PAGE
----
Executed: Afghan sniper who was trained by UK Special Forces is shot dead as his wife and children wait for him nearby
- Noor was traced to his sister’s home on the edge of the Afghan capital Kabul
- He was shot three times in chest and again as he lay on the ground by gunmen
- The sniper had been a member of a British-trained Afghan unit known as CF333
An Afghan sniper who worked alongside British Special Forces was murdered in front of his family yesterday by the Taliban.
Noor was traced to his sister’s home on the edge of the Afghan capital Kabul and shot three times in the chest and again as he lay on the ground by two gunmen.
He had been a member of a British-trained Afghan unit known as CF333, many of whom were rescued in the airlift from Kabul airport that followed the Taliban takeover. It is unclear if he applied for relocation.
Noor, former sniper with Afghan elite unit who worked alongside UK Special Forces
The murder is the latest in a series of revenge killings by the Taliban who have gone from house to house hunting those who worked with Western forces. Pictured, crowds of people wait outside the airport in Kabul, Afghanistan
The murder prompted shock and anger from members of the British military, with former Colonel Ash Alexander-Cooper, OBE, a commander of specialist operations with the SAS, tweeting: ‘For those leaders still unsure, this is not a game, ‘N’ was executed by the Taliban in cold blood just a few hours ago. His crime ? Years of loyal and professional service, mentored by British units.
‘There is no amnesty. Abandoned by us, this murder will not be the last.’
Noor is said to have been shot dead while his wife and five children, all under the age of nine – the youngest just ten days old – were at the entrance of the house.
‘This is the reality of the “new” Taliban,’ Mr Alexander-Cooper said. ‘Talk of inclusivity, diversity and amnesty is a joke and some are falling for it. Wake up.’
The murder is the latest in a series of revenge killings by the Taliban who have gone from house to house hunting those who worked with Western forces.
Noor’s friend, Rafi Hottak, a former frontline interpreter said: ‘Noor had been threatened many times and feared for his life. This is the reality of what is happening to those who supported the British and her allies.’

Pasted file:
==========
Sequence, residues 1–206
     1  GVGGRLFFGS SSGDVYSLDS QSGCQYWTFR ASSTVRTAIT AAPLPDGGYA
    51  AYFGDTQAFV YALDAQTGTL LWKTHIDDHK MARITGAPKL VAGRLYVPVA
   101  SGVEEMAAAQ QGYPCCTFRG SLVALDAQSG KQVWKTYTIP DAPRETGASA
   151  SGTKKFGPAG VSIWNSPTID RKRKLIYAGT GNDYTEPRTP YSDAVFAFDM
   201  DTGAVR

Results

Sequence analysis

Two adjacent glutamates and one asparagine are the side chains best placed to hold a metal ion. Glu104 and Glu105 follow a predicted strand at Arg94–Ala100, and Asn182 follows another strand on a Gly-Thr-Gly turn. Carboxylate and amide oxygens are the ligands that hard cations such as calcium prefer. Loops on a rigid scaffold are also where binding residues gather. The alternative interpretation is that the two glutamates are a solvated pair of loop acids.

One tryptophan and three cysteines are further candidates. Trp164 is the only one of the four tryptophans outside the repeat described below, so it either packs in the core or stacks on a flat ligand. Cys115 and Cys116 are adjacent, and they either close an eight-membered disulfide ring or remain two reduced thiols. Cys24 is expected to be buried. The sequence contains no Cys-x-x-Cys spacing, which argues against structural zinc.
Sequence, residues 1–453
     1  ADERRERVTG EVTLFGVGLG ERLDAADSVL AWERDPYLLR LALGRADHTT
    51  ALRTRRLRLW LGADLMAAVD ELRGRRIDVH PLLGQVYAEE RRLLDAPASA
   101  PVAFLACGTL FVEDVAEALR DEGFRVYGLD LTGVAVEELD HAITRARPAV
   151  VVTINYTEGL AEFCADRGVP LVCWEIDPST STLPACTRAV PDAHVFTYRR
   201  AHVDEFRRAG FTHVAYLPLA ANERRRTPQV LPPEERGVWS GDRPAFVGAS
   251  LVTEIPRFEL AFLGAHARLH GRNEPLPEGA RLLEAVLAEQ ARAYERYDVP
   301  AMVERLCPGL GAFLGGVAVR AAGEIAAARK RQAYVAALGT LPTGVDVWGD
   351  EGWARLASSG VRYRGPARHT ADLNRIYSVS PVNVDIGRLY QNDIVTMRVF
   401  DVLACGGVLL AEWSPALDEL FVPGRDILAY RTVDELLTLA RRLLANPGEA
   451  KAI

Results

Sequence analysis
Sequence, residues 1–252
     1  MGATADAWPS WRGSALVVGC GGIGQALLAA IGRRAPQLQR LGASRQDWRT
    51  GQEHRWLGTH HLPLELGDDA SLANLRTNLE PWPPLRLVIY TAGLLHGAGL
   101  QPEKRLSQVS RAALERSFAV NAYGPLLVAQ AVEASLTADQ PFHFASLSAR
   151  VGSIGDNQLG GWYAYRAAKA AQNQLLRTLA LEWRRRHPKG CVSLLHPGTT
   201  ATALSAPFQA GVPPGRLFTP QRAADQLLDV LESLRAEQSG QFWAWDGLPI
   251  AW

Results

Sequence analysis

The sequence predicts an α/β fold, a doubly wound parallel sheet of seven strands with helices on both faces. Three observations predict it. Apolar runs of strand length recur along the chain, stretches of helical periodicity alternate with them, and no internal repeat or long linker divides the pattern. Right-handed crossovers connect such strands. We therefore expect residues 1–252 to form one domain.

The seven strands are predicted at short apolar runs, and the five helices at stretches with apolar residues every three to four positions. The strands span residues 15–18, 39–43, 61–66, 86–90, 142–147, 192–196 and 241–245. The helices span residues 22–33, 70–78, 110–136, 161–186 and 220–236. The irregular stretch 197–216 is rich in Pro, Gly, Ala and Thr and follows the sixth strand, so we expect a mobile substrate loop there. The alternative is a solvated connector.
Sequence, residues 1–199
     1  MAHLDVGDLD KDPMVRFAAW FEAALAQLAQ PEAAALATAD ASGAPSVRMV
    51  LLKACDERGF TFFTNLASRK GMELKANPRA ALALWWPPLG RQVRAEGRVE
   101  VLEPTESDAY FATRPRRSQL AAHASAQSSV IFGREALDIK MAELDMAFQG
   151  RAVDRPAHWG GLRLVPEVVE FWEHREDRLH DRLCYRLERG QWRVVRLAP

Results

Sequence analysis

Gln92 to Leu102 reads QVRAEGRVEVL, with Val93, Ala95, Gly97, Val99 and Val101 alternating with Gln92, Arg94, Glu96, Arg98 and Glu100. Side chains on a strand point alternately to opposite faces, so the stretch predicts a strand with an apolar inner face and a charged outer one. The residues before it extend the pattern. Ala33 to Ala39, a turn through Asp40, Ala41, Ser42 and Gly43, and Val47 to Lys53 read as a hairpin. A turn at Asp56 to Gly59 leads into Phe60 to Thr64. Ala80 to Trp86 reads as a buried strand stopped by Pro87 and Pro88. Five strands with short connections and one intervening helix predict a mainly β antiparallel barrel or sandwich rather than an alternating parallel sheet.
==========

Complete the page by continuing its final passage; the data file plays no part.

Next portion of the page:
News of the murder came as it was revealed that a former frontline interpreter with UK troops escaped Afghanistan – with the help of Japan. Mohammad Khan was left behind when the RAF’s Kabul mercy flights ended at the end of last month.
He is the first ex-translator with British forces known to have successfully made it across the border into one of Afghanistan’s neighbours since the Taliban seized control. He had qualified for relocation to Britain but claims to have been turned back by UK soldier amid the chaos at the airport.
His case is set to be the first test of the UK’s promise to help former translators who qualify for relocation if they make it to a third country.
The 35-year-old crossed the border into Pakistan with his wife and three children at the weekend after a fear-filled two-day journey by road through Taliban checkpoints. Last night he was at a hotel in Islamabad hoping British diplomats would help him and his family reach the UK.
Mohammad said Japanese officials – he had worked with Tokyo-backed aid programmes – helped orchestrate his escape and, unlike the British, had been in regular contact with him. ‘They helped us prepare and then organised for us to cross the border into Pakistan,’ said Mohammad, ‘It was wonderful to finally know that we were safe.
Soldiers with the 4th Battalion, 31st Infantry Regiment, 2nd Brigade Combat Team of the 10th Mountain Division, disembark from a plane upon returning home from deployment in Afghanistan, at Fort Drum, New York
‘I was very afraid and did not hear from the British after they left. I was eligible to come to the UK and went to the airport and spent 24 hours near the gates speaking with a British soldier telling him I was a brother interpreter… then there was a rush and I was one of those beaten by the Taliban.’
Mohammad had originally been turned down for relocation because, he said, he had been sacked for taking time away to attend his engagement party but the decision was changed and he was told he was eligible for sanctuary in July.
His case is one of hundreds highlighted by this newspaper’s award-winning Betrayal of the Brave campaign. ‘Everyone knew I had worked for the British,’ he said. ‘There were many spies pointing at us [interpreters] and we could not hide for ever.’
He said he is desperate now to go to the UK where he has friends and family.